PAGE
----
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  • Greg Stewart

The Accused Witches of Stirling

When researching the witch trials of Stirling, one thing stood out to me, the authorities in Stirling were very lenient! At a time when an accusation of being involved in witchcraft was as good as a death sentence, Stirling seemed to favour not finding evidence and banishing the accused.

The likely reason is cost, the trials were expensive, there were jailor costs, torturer costs, and then the cost of the wood, ropes and tar to ultimately burn the accused, and while this was recovered from the family wherever possible, it seems the Ballies of Stirling preferred not to risk the costs. True Scotsmen in their reluctance to spend money! Evidence of this can be found in the 1677 trial of John Gray, Janet McNair and husband and wife, Thomas and Mary Mitchell, all accused of causing the drowning of the sons of Douglas of Barloch. Despite a confession being made under torture, the Stirling authorities were unusually in no haste to end the trial. This is perhaps because it was being paid for by the Douglas family. After 14 weeks, when the funding was stopped and a demand made by the family that the Magistrates of Stirling take on the costs, all 4 seem to disappear from the records, and it is believed they were set free with no charges!

Not all of the accused were so lucky however. In 1597, Elizabeth Hamilton, Catherine Kellot or Jonet Crawfurd (Janet Crawford) were all recorded as being held on witchcraft charges, when King James VI became so frustrated at the soft approach taken in Stirling that he wrote ordering that ‘the witch’ be sent to Linlithgow Palace to be dealt with. It is not known which of the unfortunate women was sent, but it is known King James would oversee torture sessions personally, and so she no doubt suffered horrifically.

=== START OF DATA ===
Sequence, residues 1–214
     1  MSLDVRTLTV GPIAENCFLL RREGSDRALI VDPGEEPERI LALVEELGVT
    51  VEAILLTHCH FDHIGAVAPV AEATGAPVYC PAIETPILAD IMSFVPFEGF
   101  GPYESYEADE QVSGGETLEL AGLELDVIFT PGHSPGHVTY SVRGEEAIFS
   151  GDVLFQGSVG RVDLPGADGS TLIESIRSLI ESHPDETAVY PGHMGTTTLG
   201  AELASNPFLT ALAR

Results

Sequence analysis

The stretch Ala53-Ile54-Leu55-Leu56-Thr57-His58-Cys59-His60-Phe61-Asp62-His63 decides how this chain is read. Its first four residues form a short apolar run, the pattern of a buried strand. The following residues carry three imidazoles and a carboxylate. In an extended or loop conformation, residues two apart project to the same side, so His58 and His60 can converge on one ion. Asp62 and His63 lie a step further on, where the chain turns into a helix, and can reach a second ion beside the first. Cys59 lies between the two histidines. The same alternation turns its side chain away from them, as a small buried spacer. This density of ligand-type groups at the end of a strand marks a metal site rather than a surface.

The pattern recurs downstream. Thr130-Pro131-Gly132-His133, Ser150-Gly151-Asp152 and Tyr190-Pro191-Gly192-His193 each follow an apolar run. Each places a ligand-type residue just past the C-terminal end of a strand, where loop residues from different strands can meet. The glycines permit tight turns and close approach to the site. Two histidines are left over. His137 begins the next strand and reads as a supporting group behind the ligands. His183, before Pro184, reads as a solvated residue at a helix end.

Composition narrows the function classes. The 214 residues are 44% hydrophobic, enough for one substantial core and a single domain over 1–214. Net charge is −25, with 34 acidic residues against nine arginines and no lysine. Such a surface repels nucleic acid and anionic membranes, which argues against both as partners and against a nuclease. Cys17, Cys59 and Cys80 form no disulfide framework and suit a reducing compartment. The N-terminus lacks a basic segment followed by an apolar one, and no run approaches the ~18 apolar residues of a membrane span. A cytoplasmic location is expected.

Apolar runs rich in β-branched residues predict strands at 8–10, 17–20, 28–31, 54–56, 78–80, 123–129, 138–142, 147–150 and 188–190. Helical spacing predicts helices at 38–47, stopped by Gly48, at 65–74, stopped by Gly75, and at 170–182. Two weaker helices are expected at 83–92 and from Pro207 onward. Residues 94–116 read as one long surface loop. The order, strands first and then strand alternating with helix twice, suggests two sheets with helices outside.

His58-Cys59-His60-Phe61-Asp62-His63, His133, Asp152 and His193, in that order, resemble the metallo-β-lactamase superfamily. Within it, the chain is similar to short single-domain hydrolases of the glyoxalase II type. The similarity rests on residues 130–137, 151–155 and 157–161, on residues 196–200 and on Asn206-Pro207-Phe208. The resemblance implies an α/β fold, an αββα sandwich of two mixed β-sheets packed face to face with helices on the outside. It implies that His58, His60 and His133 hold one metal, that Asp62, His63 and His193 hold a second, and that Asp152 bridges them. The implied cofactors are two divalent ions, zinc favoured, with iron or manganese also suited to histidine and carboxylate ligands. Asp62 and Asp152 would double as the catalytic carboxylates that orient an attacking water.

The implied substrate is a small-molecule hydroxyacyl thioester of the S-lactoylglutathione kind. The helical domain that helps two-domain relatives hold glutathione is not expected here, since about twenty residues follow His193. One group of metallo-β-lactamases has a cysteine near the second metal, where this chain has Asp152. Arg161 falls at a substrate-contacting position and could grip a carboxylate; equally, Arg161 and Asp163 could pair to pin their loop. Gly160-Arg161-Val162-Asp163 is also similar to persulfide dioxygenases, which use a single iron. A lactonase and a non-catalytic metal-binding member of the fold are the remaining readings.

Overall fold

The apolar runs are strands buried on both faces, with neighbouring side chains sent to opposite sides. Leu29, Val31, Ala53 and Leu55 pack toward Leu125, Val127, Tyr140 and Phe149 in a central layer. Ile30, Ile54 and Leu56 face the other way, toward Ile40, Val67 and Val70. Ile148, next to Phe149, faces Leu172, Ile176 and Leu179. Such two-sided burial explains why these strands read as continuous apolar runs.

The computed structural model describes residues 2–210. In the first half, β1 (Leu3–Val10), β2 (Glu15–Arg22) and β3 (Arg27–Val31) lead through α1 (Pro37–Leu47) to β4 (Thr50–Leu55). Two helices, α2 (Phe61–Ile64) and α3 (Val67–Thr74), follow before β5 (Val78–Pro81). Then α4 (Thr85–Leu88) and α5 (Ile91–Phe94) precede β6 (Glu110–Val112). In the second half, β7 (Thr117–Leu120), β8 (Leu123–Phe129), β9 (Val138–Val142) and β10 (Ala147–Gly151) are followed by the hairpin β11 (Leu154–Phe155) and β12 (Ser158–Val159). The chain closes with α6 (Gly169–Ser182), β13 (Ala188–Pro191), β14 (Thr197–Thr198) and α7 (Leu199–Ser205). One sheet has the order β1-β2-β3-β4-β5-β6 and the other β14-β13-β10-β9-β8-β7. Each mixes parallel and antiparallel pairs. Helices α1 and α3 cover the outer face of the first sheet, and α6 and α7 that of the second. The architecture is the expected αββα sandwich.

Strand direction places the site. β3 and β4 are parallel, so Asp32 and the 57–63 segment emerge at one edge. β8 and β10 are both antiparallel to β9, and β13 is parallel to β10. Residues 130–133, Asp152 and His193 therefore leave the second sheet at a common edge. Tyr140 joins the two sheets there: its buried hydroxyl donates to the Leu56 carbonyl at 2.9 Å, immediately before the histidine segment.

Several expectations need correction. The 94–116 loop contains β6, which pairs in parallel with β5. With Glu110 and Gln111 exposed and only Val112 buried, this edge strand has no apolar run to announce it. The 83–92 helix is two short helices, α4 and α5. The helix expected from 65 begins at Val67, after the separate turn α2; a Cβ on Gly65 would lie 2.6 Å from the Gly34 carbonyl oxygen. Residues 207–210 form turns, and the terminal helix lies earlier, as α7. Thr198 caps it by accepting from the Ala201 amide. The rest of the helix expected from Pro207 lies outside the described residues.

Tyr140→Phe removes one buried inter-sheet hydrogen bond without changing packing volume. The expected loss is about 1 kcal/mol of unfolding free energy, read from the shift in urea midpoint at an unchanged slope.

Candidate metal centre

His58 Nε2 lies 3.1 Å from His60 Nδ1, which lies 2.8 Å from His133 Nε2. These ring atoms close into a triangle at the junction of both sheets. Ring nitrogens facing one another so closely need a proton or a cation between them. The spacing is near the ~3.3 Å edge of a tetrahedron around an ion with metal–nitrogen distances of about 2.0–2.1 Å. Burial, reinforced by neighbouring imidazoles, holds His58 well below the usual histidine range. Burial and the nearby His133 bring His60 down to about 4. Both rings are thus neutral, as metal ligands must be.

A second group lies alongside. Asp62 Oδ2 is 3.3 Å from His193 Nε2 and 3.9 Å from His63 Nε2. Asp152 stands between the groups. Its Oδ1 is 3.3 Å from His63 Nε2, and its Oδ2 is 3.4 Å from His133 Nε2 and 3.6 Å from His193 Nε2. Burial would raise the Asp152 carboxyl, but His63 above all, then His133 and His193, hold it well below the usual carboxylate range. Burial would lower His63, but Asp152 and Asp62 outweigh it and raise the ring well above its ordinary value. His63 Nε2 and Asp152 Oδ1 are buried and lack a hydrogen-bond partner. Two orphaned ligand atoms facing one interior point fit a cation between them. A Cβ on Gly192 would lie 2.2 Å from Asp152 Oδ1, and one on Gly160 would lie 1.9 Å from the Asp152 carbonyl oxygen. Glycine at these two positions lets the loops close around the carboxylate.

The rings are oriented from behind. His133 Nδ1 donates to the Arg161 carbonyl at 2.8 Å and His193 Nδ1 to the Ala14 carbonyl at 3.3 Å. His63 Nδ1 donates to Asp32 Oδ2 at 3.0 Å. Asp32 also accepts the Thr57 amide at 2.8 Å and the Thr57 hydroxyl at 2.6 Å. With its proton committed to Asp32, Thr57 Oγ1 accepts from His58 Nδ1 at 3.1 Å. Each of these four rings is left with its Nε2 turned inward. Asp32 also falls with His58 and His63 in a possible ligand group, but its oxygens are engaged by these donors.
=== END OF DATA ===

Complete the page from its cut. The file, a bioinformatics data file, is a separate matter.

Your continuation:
The biggest trial in Stirling was in 1659, when multiple women, and men, found themselves under investigation. With such a large trial, the authorities had to be seen to act, and 2 women, Bessie Stevinson and Isobel Keir, were put to the flames. The chosen burning point for the accused was an area known as The Valley, a low area of land between the castle and the town where it was considered to be far enough away from both to avoid the fire causing any damage. This area is now part of the Old Town Cemetery, and the graves and statues give no indication of the dark past. It is perhaps no surprise that many of the buildings that now surround this area are said to be haunted.

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